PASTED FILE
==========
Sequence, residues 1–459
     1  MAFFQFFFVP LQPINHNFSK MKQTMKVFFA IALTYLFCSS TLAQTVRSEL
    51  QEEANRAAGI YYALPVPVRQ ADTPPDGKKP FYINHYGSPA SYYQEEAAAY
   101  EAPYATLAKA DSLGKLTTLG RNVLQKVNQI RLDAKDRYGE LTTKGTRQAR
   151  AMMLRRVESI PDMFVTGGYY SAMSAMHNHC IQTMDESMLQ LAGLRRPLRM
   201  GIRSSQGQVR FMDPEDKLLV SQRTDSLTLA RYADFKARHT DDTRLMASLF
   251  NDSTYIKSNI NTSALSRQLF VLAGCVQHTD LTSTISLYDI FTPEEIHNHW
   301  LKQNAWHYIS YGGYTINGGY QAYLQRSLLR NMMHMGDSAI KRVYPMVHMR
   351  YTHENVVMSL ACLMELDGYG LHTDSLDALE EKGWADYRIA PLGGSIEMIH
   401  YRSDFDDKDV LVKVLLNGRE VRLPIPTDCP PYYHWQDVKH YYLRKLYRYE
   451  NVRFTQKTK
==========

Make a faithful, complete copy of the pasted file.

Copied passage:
Sequence, residues 1–459
     1  MAFFQFFFVP LQPINHNFSK MKQTMKVFFA IALTYLFCSS TLAQTVRSEL
    51  QEEANRAAGI YYALPVPVRQ ADTPPDGKKP FYINHYGSPA SYYQEEAAAY
   101  EAPYATLAKA DSLGKLTTLG RNVLQKVNQI RLDAKDRYGE LTTKGTRQAR
   151  AMMLRRVESI PDMFVTGGYY SAMSAMHNHC IQTMDESMLQ LAGLRRPLRM
   201  GIRSSQGQVR FMDPEDKLLV SQRTDSLTLA RYADFKARHT DDTRLMASLF
   251  NDSTYIKSNI NTSALSRQLF VLAGCVQHTD LTSTISLYDI FTPEEIHNHW
   301  LKQNAWHYIS YGGYTINGGY QAYLQRSLLR NMMHMGDSAI KRVYPMVHMR
   351  YTHENVVMSL ACLMELDGYG LHTDSLDALE EKGWADYRIA PLGGSIEMIH
   401  YRSDFDDKDV LVKVLLNGRE VRLPIPTDCP PYYHWQDVKH YYLRKLYRYE
   451  NVRFTQKTK